Former Sutton Bridge resident Jessie Shortland celebrated her 104th birthday on Tuesday with family and friends.
Her son, Leslie, said: “She’s never smoked, she’s had only the occasional drink and has always refused medication.
“The doctors wanted to put her on pills for her high blood pressure, but she refused, and she’s very rare because she’s on no medication at 104.”
Leslie said his mum had always ignored fads and fancies where food is concerned, not worrying about what’s supposedly good or bad for you, and ate just as she liked.
“She’s always gone her own way,” he said. “She’s always been a bit fiery so perhaps having a fiery temperament is why she’s lived for so long.”
Jessie was the second of eight children and is the only survivor.
Her father Ted Howe-Smith worked on Cross Keys Bridge when it was a railway and road bridge and used to swing it to allow vessels on the River Nene to pass through.
Jessie left school aged 14 or 15 and was in service until her marriage to Ernest Shortland.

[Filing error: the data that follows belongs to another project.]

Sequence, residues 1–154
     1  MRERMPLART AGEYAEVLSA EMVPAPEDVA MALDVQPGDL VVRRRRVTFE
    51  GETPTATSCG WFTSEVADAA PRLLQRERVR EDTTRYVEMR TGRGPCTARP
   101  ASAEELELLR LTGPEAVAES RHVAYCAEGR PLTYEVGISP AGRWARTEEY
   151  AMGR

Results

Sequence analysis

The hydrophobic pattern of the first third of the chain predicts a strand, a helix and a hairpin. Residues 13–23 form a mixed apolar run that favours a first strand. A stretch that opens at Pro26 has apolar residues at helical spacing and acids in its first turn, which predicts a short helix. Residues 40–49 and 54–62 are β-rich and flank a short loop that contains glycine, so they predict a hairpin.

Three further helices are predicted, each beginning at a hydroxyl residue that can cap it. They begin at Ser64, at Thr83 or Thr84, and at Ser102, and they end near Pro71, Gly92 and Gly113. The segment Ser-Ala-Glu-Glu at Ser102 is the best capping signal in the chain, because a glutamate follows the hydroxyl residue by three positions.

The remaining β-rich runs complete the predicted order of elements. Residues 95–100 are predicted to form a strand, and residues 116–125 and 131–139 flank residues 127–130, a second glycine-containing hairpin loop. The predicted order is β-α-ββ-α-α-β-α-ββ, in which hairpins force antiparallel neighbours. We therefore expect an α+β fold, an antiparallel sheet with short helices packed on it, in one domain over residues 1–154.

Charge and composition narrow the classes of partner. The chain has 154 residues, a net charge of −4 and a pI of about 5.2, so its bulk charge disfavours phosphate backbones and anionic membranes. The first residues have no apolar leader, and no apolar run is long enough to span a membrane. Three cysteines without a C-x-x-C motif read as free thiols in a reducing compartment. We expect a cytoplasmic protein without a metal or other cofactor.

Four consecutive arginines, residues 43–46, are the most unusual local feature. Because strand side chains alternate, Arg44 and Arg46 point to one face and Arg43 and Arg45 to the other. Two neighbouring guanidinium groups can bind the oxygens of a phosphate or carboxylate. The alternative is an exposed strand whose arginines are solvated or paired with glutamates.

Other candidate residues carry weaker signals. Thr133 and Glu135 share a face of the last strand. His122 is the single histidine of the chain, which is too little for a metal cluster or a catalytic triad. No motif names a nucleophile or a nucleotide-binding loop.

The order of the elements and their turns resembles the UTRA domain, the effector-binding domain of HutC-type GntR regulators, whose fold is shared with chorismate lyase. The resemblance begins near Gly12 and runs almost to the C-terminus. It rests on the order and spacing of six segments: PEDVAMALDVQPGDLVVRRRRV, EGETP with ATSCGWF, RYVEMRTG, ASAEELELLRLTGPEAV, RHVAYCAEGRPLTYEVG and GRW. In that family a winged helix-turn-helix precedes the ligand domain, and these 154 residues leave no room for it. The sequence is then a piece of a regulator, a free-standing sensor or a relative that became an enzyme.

Leslie said: “I think they first met when they were both out shopping in Sutton Bridge and, as you do, you get talking.
“If you go shopping every week you probably see the same people if you go at the same time.”
Ernest and Jessie lived on a smallholding following their marriage.
After Ernest died in 1991, Jessie lived in St Matthew’s Drive but the onset of dementia saw her move in 2011 to The Bankcroft Residential Home in Market Street, Long Sutton.
She spent her big day at the home with Leslie and his wife, Josie, nephew Reg Shortland, staff and residents.
Leslie (72), who now lives near Loughborough, is Jessie’s only son and she has two grandchildren, Michael, who works for Duncan and Toplis, and Helen, who is a therapist.